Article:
The Fundamental Fairness Doctrine allows states to define their own provisions with respect to the way accused criminals are treated by local and state law enforcement, as long as the accused are still treated fairly. It is based on two cases: Powell v. Alabama in 1932 and Brown v. Mississippi in 1936. The decision of the Brown v. Mississippi case resulted in the ending of physical coercion (torture) in eliciting confessions from the accused.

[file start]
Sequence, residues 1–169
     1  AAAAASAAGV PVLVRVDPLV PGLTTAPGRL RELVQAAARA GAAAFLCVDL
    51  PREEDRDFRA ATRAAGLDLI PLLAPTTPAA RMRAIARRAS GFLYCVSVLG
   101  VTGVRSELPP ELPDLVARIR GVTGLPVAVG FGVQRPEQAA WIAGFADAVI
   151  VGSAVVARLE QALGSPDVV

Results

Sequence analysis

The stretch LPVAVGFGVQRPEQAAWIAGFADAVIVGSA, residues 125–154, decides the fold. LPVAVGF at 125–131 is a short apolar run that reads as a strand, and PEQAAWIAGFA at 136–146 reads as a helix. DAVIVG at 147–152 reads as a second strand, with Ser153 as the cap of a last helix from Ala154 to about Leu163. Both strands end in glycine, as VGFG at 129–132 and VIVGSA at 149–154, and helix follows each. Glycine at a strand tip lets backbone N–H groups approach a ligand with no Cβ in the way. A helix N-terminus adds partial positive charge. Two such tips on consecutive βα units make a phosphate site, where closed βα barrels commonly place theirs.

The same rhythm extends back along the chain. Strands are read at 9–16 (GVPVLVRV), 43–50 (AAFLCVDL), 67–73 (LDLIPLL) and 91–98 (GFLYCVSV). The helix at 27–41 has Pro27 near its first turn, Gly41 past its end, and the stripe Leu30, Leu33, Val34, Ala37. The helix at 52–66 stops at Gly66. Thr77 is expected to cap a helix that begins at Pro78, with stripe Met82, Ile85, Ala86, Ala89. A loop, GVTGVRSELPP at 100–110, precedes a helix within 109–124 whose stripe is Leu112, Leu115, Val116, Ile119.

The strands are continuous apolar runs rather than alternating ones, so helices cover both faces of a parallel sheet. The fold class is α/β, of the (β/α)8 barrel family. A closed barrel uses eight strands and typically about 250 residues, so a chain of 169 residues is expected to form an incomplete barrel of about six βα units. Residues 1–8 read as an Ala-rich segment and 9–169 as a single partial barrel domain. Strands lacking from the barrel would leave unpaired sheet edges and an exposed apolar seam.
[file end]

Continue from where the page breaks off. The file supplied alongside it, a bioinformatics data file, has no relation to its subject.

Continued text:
The Incorporation Doctrine differs from the Fundamental Fairness Doctrine in that the states are not permitted to create their own definitions with respect to procedural regularity (law enforcement and the judicial process) but instead must follow procedures EXACTLY as defined by the United States Supreme Court when it comes to the civil rights of the accused. It is most often referenced with respect to the Warren Court's decisions during 7 landmark cases throughout the 1960s, starting with Mapp v. Ohio in 1961 and ending with Washington v. Texas and Klopfer v. North Carolina, both in 1967. These cases were all about "policing the police," and resulted in the establishment of policies and procedures about the exclusionary rule, self-incrimination, assistance of counsel, confrontation of witnesses, compulsion of witnesses, the right to a speedy trial, and the barring of cruel and unusual punishment.